It’s difficult. I’m not always successful because fear and the threat of a panic attack can sometimes all but erase my mind’s logical capacity for thought, and even things which I know to be true are hard to understand and internalize when I feel like that. But sometimes I do have the presence of mind to remember that I need to let go, and sometimes, very few still, although hopefully more will follow, I am able to let go and able to accept that many of my fears are unfounded and that being anxious all the time is not helping me anymore. Little by little, I hope to make this a habit. I hope to be able to react instinctively to growing anxiety with patience instead of fear. The mere fact that I can think about this strategy, and that I have attempted it a few times already, shows that I am making progress, I think.
Finally, the thing that has been helping me out the most in recent weeks has been writing. Having an activity that means so much to me is quickly becoming one of my support pillars. The thing about depression and anxiety and panic is that it separates you from your hobbies and from all the things you used to enjoy. It happened to me. I still haven’t recovered fully – I can’t really watch TV anymore, for example, and it’s been a long time since I watched a movie because I really wanted to. But there’s one activity that means a lot more to me than any of those, and it is there that I have been concentrating my efforts. At the beginning, finding the strength within me to simply sit down and write a little bit was too much for me. I would try and fail, try and fail. It would send me careening into a spiral of negativity, because I would often think that I would never write again. It made me very sad, because writing is one of the things which gives my life meaning, and I would wonder whether, some day, I would be able to return to creative worlds of my own invention.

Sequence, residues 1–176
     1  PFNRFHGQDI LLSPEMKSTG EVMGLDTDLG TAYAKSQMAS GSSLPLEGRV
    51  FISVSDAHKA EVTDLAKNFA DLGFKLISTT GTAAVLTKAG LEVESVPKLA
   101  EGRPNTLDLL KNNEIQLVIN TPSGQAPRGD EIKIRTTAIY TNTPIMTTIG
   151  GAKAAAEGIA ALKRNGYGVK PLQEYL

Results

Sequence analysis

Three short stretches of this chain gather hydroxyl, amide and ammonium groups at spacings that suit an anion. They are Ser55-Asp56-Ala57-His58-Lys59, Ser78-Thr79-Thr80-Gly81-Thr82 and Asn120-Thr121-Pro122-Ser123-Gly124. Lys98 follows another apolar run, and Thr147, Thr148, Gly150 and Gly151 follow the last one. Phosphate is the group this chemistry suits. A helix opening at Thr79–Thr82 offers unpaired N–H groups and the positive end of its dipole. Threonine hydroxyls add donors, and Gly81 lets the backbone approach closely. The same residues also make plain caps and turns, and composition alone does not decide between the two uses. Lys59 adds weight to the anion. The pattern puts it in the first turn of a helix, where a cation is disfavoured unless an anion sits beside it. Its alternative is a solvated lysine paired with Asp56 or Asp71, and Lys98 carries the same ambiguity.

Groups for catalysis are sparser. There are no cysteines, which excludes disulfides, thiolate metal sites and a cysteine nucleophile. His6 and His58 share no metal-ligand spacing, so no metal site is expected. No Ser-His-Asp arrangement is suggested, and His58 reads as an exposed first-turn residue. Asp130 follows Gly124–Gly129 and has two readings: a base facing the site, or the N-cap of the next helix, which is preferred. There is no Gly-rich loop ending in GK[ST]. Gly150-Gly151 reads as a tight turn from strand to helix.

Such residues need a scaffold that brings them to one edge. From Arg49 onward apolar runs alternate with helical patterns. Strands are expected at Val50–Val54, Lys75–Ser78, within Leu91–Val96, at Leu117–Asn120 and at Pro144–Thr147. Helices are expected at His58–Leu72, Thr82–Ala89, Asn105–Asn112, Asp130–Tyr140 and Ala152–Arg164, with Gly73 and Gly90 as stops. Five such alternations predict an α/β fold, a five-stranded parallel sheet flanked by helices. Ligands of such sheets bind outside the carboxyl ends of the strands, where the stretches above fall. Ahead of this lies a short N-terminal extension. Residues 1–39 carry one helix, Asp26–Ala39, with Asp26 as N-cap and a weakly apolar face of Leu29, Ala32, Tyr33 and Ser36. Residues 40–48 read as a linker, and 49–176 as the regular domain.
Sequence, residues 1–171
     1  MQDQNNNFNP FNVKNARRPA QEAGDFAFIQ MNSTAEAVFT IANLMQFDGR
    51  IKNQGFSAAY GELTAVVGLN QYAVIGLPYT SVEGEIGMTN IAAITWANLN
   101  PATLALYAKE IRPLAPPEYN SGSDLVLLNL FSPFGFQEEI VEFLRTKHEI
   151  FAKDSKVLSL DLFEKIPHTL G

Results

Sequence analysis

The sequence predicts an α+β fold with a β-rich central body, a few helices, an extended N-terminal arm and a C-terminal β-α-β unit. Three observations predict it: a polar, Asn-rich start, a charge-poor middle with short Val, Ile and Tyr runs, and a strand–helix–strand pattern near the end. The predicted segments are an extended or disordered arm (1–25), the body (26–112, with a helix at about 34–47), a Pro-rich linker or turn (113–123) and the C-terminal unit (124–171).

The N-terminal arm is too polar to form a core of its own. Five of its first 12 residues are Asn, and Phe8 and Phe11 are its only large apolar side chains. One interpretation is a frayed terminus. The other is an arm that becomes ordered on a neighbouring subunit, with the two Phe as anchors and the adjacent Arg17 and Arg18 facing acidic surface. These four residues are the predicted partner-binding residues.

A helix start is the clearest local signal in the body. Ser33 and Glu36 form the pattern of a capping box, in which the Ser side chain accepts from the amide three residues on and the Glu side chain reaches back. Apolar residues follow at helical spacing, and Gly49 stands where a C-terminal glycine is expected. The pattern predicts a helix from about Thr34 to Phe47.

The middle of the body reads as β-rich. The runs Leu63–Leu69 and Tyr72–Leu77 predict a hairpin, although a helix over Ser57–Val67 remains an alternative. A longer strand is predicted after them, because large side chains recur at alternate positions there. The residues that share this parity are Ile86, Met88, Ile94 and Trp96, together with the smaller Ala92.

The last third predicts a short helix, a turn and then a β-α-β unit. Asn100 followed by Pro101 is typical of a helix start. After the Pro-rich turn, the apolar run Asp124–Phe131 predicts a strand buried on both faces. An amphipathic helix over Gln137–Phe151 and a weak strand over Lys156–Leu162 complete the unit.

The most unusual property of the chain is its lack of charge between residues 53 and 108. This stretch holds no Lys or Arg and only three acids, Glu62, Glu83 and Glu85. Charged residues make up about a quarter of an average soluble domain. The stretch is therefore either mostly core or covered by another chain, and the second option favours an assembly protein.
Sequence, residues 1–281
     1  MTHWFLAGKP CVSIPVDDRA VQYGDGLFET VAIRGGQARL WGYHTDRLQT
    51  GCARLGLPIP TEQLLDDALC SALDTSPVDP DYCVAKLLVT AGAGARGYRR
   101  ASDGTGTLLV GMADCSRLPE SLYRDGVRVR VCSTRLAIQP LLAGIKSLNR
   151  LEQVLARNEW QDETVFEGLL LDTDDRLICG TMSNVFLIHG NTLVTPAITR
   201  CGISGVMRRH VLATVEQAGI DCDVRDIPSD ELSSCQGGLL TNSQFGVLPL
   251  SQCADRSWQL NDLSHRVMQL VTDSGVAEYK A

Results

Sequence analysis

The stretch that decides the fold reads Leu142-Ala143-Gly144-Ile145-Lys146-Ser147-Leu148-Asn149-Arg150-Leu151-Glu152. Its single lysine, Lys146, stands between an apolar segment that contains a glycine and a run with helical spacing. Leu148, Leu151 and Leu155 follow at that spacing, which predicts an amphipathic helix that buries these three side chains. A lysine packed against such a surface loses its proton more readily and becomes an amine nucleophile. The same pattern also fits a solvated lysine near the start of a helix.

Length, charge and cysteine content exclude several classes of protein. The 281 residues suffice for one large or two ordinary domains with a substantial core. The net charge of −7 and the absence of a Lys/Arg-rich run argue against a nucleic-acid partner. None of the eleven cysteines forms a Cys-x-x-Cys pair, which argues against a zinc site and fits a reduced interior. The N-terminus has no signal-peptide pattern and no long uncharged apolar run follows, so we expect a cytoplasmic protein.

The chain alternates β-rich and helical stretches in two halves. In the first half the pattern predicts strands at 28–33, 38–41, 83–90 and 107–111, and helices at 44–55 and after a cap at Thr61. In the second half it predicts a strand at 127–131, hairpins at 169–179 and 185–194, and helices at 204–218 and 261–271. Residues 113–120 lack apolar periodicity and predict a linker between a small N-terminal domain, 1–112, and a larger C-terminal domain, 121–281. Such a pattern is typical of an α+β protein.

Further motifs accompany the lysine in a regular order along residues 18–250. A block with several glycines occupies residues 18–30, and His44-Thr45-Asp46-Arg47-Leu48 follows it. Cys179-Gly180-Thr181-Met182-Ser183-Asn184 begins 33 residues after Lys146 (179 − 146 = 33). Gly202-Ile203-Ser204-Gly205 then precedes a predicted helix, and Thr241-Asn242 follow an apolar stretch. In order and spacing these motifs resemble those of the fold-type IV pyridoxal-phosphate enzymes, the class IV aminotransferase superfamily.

It took time and constant effort. I essentially forced myself to write, at least a tiny bit, for many weeks. It was different from writing in this journal, because creative writing of fiction takes, for me at least, a lot more effort and concentration and planning. But I really wanted to write again. I knew, and I still know, that having a creative outlet is one of the things which helps my peace of mind the most, and so I kept at it, even when it felt like I was going nowhere, even when it felt like I was wasting my time or hurting myself by trying to do something which I was, perhaps, no longer capable of doing.